Is the Federal IT Dashboard really providing more transparency or just more fog?
That question lingers in the aftermath of a House Oversight and Government Reform subcommittee hearing on the government’s information technology reform programs last week.
The IT Dashboard lists the status of about 700 major government IT projects. It was launched as part of President Obama’s open government initiatives in 2009. The dashboard’s aim, according to officials, was to “strengthen the accountability of agency CIOs and provide more accurate and detailed information on projects and activities.”
Rep. Gerry Connolly, D-Va., the ranking member on the oversight panel, asked federal CIO Steven VanRoekel about the dashboard in the hearing Thursday. Specifically, he asked why the Defense Department, by far the government’s largest IT spender, hasn’t updated many of its project entries in two years and why it doesn’t describe any projects as high risk or moderately high risk, despite many of them being over budget and past deadline.
VanRoekel’s reply is worth quoting at length.
We don’t in OMB, in my office, track the self-reported status as the key indicator of performance on investments. It’s a fool’s errand to track self-reported. You’d never have a contractor self-report their results or things like that. So we go deeper than that and look at: How often do they change schedules? Where are they on budget? Are they hitting budget? What’s their time to delivery on services?
I’ve actually added features on the IT Dashboard in the last couple years that give me indications when agencies go in and do re-baselines, meaning they’ve changed their data in some fundamental way. Those, to me, are the red flags you want to look at and that’s where we’ll lift up and say ‘there’s something going on there.’ Self assessments will just never do that for you.
I agree, it’s laughable to some degree on DOD not reporting any poor investments. But we track [those investments] and we know where they are.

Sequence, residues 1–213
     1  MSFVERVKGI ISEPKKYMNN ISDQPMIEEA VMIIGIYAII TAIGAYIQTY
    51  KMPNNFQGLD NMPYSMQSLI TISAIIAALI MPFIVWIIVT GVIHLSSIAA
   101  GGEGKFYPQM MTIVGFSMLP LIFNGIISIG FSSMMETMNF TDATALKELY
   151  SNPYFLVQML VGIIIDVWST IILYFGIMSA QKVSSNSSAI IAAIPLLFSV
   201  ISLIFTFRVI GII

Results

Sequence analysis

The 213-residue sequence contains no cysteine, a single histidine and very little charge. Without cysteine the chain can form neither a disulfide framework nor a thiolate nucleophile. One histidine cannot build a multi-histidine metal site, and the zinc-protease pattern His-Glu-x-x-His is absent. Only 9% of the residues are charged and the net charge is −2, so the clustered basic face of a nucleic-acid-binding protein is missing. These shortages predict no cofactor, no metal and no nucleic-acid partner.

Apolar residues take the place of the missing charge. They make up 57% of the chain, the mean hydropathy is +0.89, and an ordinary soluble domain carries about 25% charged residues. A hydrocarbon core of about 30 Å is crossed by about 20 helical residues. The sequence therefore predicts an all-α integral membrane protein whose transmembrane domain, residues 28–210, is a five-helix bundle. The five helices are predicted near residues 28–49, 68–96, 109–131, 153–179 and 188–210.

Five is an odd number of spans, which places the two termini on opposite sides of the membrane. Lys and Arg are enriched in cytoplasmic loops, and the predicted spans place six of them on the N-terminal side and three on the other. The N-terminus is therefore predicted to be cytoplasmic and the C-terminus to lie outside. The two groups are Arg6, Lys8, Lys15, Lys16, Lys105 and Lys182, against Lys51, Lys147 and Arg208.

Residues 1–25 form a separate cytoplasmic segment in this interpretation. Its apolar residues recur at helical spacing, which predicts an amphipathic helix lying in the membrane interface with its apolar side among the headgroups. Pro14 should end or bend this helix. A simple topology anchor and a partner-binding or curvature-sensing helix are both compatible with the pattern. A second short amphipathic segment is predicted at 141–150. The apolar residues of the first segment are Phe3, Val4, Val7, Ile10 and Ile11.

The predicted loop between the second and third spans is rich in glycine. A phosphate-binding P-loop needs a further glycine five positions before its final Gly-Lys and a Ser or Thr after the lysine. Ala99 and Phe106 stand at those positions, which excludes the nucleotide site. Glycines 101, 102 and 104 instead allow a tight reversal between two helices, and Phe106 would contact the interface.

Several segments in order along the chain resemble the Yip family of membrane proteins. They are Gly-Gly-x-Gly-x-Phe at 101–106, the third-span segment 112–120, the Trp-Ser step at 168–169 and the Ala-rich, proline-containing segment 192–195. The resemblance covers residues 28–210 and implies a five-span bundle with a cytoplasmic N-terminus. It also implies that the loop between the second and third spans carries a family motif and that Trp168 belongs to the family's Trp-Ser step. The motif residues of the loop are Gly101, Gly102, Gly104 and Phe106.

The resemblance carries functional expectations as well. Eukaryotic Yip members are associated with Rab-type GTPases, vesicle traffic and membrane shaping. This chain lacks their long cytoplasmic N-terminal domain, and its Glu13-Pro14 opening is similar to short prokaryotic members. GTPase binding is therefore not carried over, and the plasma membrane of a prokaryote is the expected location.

VanRoekel has indeed added the rebaseline indicators to the IT Dashboard, indicated by tiny white triangles placed along a line indicating the CIO’s appraisal of a project’s risk.
Describing an IT project, say the Defense Department’s clinical health data system AHLTA, which still can’t speak to its counterpart at the Veterans Affairs Department, as having a three out of five CIO rating with two rebaselines since 2009 doesn’t exactly give the public a clear idea of how well the project is performing, though.
The second part of it is CIO authorities, looking at the authority of the CIO. The person who’s pictured next to all those investments is [Defense CIO] Teri Takai. Teri Takai has very little influence over most of the investments you’re looking at on that dashboard and she’s reporting what she gets from the self-reports of other people out there. That speaks to a larger theme of what we need to look at in government, which is the authority of the CIO.
This, of course, gives the lie to one of the dashboard’s main promises: “If a project is over budget or behind schedule, you can see by how much money and time, and you can see the person responsible--not just contact information but also their picture.”
Federal officials can be forgiven some hyperbole about their transparency initiatives. And the problem of CIO authority and accountability is much larger than the IT Dashboard and more complex as well. But with so many provisos attached to the Dashboard’s promises now, it may be time to rebaseline expectations for it as well.